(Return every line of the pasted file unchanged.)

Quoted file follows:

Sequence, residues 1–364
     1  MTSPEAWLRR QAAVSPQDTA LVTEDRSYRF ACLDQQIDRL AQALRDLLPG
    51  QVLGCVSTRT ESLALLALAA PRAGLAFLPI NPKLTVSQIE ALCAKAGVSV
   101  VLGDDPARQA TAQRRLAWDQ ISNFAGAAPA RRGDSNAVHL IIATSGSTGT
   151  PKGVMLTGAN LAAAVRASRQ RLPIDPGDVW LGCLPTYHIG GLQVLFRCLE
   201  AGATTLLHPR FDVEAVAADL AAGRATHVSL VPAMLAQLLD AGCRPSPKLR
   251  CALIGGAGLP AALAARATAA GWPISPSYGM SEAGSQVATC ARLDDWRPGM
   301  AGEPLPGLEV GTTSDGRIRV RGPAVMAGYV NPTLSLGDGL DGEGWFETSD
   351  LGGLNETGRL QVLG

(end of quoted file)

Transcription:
Sequence, residues 1–364
     1  MTSPEAWLRR QAAVSPQDTA LVTEDRSYRF ACLDQQIDRL AQALRDLLPG
    51  QVLGCVSTRT ESLALLALAA PRAGLAFLPI NPKLTVSQIE ALCAKAGVSV
   101  VLGDDPARQA TAQRRLAWDQ ISNFAGAAPA RRGDSNAVHL IIATSGSTGT
   151  PKGVMLTGAN LAAAVRASRQ RLPIDPGDVW LGCLPTYHIG GLQVLFRCLE
   201  AGATTLLHPR FDVEAVAADL AAGRATHVSL VPAMLAQLLD AGCRPSPKLR
   251  CALIGGAGLP AALAARATAA GWPISPSYGM SEAGSQVATC ARLDDWRPGM
   301  AGEPLPGLEV GTTSDGRIRV RGPAVMAGYV NPTLSLGDGL DGEGWFETSD
   351  LGGLNETGRL QVLG